Wednesday, October 24, 2007

Magic Trick

Do you believe in magic?

"In a slow week for album sales, Bruce Springsteen's "Magic" returns to the summit of The Billboard 200 despite a 42% sales decline. The Columbia effort moved 77,000 copies in the U.S., according to Nielsen SoundScan, climbing 2-1. The album bowed at No. 1 three weeks ago with 335,000."


I find it shocking that an artist can have a #1 album on sales of only 77,000. What does it say about the state of the music business? This has peaked my curiousity in wanting to research where this sales total would have fallen on the chart in years past, so I tasked The Weight's research department/intern/me with coming up with some comparable historical numbers. Here is what I found from an article from way back in June 2005:

Coldplay sold 186,000 more copies of X&Y in its third week of release to hold the number one spot. The album has already sold approximately 1.3 million CDs after just three weeks in stores. In second place is Mariah Carey's The Emancipation of Mimi, moving another 132,000 CDs two and a half months after its release. The Foo Fighters' double album, In Your Honor, dropped one place this week to Number Three (116,000), while Monkey Business, the latest from Cali hip-hoppers Black Eyed Peas, climbed one spot to Number Four (103,000) in its third week.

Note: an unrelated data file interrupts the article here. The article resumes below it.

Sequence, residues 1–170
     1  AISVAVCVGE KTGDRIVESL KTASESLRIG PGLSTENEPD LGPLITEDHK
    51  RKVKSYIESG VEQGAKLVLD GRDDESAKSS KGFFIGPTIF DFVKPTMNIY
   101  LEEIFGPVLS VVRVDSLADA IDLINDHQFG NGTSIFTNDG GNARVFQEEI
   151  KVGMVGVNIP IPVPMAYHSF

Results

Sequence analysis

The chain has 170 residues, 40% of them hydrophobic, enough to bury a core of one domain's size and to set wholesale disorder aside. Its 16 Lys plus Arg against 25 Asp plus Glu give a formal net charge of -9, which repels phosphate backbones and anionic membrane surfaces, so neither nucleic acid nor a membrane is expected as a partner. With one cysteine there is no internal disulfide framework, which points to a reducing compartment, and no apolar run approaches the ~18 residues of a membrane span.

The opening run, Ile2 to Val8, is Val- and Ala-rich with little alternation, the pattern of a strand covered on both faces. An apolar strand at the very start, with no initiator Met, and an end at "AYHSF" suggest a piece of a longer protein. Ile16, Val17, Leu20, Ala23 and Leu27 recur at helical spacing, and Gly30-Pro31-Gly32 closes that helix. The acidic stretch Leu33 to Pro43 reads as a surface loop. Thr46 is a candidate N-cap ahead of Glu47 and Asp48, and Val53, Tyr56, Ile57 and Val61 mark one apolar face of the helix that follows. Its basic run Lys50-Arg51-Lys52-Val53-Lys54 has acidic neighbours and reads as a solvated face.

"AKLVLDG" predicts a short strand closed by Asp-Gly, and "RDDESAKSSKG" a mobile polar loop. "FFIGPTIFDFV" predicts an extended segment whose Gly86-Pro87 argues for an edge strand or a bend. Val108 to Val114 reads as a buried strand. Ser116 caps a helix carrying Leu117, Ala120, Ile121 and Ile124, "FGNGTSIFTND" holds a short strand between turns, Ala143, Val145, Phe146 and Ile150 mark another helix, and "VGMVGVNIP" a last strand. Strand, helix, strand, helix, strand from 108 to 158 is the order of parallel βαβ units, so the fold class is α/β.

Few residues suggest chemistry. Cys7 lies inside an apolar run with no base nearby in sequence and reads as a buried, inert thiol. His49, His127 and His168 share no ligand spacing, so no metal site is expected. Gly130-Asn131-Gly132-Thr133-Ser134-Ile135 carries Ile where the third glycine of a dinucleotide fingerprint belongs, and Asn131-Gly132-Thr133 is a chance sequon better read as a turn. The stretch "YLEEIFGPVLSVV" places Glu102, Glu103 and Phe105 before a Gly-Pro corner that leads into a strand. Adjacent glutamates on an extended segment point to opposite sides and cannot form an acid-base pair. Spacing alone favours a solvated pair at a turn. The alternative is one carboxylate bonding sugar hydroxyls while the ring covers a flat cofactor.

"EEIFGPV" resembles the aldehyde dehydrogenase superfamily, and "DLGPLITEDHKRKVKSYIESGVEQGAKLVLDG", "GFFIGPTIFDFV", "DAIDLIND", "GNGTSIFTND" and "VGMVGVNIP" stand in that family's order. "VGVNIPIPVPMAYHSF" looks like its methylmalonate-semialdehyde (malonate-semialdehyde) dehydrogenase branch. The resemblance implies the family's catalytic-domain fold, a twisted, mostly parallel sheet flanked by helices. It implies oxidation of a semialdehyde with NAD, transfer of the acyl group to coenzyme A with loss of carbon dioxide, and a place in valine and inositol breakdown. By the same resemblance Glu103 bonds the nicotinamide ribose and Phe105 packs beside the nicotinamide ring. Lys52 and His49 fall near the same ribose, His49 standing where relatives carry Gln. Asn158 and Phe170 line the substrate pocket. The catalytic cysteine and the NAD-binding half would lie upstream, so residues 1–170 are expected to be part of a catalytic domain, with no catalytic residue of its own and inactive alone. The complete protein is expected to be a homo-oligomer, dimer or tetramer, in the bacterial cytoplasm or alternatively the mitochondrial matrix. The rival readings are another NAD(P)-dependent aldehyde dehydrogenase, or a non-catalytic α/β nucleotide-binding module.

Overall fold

Big debuts this week included Atlanta MCs (and P. Diddy proteges) Boyz N Da Hood's self-titled debut, which sold 101,000 to open at Number Five, and R&B singer Keyshia Cole, whose The Way It Is came in at Six (89,000).

Rounding out the Top Ten were the Backstreet Boys' comeback, Never Gone, which has already started to slide in just its second week, down from its Number Three debut (a low for the blockbuster boy band) to Number Seven (79,000). A compilation of punk-inflected rock from Nineties hitmakers the Offspring, Greatest Hits, did surprisingly well, moving 70,000 copies to come in at Number Eight.

So there you have it. Less than three years ago, 77,000 copies sold would have landed Bruce Springsteen and the E Street Band firmly at #8, in between the Backstreet Boys comeback album and The Greatest Hits of The Offspring. But in October 2007, it magically qualifies for #1. It was nice knowing you music business.

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